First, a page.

What is it?
The summer syllabus workshop sequence presents the opportunity for new and existing faculty to enhance their focus on diversity, equity, and inclusion. The workshops are led by experienced BiCo colleagues who work in dialogue with students trained in pedagogical partnership through the Teaching and Learning Institute. Participants will be guided to consider the ways that their syllabi, in a broad range of fields, meet the needs, and goals of diverse student learners and direct attention to the ways that equity literacy, anti-racist literacy, and techniques of decolonization are purposely considered. Creating a community of individuals who are exploring syllabus development helps to encourage collaboration, reflection, and the consideration of multiple perspectives, and establishes pathways out of what Shulman called the “pedagogical solitude” that has sometimes limited and burdened the hard work of teaching.
History of the Syllabus Workshop Sequence
Now in its 15th year, this project was originated and led for the first several years by Alison Cook-Sather, Professor of Education and Director of the Teaching and Learning Institute (TLI) at Bryn Mawr College. From the start, it has exemplified the hallmark of the TLI -- pedagogical partnership -- and has included students with training and experience as Student Consultants in the design and delivery of each session. This valuing of student voice and students as knowers in pedagogical process affords workshop participants a unique opportunity to think with and learn directly from students currently taking courses at the Colleges as well as recent alums.
From the TLI emerged two opportunities to step out of "pedagogical solitude":
- Pedagogical Partnerships with Undergraduate Student Consultants. These can be semester- or year-long partnerships (which include weekly classroom observations and weekly meetings with the consultant) or short-term partnerships (e.g., one-time session to gather mid-semester feedback). Student Consultants bring their own individual perspectives as students (not an omniscient or representative student perspective) and skills to engage in discussion. They do not have any definitive answers or solutions to perennial pedagogical challenges, and thus the expectation is not that you should simply implement anything they suggest. Rather, dialogue with Student Consultants constitutes a newly informed conversation about classroom practice.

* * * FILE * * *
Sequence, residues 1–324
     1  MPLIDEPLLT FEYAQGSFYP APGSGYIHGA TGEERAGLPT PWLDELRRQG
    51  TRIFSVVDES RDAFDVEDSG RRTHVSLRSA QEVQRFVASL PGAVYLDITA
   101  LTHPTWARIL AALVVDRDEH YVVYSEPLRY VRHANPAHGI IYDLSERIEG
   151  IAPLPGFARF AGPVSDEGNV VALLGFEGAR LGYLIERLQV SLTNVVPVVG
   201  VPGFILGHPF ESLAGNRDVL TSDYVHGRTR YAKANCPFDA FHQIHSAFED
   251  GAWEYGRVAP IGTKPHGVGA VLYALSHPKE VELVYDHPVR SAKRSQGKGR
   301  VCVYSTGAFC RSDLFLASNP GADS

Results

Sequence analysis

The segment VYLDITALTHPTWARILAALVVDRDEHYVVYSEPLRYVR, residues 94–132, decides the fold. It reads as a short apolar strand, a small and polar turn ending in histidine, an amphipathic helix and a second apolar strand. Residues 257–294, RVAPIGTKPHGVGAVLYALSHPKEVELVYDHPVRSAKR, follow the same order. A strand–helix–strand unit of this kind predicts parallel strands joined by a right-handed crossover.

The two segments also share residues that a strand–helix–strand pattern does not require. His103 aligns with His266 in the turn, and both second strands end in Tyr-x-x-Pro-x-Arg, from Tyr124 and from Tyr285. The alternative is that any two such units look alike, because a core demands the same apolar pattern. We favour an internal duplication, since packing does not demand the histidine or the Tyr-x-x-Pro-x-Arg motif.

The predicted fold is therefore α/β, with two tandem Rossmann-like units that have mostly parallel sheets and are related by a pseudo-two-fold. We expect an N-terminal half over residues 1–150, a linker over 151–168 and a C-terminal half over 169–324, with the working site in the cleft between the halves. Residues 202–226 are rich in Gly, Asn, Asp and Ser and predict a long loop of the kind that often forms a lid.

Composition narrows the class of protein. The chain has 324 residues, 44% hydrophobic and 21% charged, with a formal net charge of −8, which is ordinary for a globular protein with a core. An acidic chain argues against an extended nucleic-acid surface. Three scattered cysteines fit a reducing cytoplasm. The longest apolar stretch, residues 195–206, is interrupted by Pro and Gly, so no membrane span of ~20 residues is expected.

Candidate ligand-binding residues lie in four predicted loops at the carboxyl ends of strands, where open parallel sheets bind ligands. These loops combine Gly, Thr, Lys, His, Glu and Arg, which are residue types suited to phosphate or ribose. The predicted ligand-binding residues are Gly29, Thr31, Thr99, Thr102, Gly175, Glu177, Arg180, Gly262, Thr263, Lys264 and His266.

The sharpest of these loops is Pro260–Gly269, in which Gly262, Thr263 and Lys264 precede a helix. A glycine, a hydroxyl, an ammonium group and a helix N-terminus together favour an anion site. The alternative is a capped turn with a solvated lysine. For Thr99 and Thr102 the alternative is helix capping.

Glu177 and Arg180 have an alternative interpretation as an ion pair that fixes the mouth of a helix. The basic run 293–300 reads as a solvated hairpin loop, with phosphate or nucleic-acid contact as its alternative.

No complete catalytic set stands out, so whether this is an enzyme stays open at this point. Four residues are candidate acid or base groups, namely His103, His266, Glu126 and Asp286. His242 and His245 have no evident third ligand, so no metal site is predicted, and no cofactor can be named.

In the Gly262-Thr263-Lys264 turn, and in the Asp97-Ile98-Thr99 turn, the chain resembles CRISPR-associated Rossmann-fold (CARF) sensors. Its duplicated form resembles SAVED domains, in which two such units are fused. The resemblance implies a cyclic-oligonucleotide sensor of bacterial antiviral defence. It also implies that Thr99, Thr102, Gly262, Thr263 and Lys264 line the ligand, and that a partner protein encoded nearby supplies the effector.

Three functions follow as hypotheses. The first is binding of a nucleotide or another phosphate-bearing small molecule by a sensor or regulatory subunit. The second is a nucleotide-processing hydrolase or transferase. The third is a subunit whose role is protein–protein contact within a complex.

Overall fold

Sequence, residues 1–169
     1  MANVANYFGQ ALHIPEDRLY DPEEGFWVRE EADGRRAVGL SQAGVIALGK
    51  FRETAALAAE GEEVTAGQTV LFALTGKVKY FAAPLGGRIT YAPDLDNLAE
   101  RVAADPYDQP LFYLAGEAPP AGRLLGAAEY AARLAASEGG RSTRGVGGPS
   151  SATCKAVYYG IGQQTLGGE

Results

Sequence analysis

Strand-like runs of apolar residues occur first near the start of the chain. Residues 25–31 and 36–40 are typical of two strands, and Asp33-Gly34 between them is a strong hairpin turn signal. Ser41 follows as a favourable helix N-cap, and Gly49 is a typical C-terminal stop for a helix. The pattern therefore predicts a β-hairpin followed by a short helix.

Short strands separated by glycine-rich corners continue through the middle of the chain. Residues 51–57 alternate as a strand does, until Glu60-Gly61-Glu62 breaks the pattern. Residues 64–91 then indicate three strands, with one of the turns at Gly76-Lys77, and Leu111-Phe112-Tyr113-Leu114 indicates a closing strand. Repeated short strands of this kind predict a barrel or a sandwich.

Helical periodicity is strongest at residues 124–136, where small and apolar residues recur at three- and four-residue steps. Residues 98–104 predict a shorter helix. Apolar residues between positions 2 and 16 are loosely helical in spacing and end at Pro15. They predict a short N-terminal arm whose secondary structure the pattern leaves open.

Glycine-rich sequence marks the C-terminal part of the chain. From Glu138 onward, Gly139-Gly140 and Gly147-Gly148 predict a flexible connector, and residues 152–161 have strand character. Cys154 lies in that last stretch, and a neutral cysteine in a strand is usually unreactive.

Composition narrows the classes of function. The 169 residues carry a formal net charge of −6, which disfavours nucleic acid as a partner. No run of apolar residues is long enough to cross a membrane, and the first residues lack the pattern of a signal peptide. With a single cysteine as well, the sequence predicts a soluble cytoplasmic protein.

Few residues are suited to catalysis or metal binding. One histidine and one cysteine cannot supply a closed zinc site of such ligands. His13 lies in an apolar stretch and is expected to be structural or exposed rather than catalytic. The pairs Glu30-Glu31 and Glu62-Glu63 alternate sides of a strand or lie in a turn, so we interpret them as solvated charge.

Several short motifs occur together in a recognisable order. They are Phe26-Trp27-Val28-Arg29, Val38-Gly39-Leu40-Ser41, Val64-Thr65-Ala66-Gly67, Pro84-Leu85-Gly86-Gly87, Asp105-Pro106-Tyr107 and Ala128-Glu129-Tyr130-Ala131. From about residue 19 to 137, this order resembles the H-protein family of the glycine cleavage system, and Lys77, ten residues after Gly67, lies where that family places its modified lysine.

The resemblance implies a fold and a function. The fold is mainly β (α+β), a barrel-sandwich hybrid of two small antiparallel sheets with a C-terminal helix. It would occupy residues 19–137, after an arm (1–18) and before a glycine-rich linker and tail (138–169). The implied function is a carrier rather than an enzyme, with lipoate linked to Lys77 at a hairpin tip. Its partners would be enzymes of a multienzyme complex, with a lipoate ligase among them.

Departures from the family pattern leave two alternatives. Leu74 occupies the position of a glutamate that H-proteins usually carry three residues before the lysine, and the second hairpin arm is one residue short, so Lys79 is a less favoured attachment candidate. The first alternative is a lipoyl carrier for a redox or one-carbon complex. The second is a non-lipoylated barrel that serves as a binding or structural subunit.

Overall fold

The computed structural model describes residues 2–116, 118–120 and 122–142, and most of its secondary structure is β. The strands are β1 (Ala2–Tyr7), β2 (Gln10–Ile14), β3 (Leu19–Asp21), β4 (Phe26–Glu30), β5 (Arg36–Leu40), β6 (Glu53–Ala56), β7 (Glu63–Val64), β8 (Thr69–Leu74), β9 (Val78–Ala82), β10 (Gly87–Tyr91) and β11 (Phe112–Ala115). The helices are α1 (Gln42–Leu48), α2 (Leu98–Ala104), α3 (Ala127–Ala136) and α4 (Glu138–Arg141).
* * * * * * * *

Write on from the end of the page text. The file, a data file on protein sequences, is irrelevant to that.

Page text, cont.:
- Open Pedagogy Conversations. These are discussions of any pedagogical issues that faculty and staff members wish to explore together. We discuss faculty/staff-proposed topics such as: question framing and discussion facilitation; developing effective assignments; organizing effective presentations that are useful not only for the presenter but for the entire class; communicating about and using office hours; and more. Sometimes, TLI student consultants come to share their perspectives as well. You may drop in to one or two sessions when you have time and inclination, or you may participate regularly in sessions on either campus or both campuses. These sessions will be held in late afternoons and at lunch on selected days throughout the year.
How to use the website
This website is offered as a resource for faculty in all stages of syllabi development - origination (before), development process (during), and revision stage (after). On the Tools and Resources page, you will find tabs to each of the areas.
*A note on the intentionality and difficulty of imagery*
What does it look like to create and rethink syllabi?
While choosing images for the pages of this website, we saw how connected this question is to the larger project of this website: to develop syllabi that honor diversity, promote equity and inclusion, and spur decolonizing practices of thought.
The images on these pages are offered as a way of steering away from mainstream imagery. They may give pause. They may invite curiosity about what, after all, syllabus design deals with and relates to?
These images draw on the examples of growth, collaboration, change and survival found abundantly in nature. Here, much inspiration comes from adrienne maree brown’s thinking in Emergent Strategy and beyond, celebrating the ways of emergence and their lessons for our learning. Also, inspiration is found in the many survivals of living things.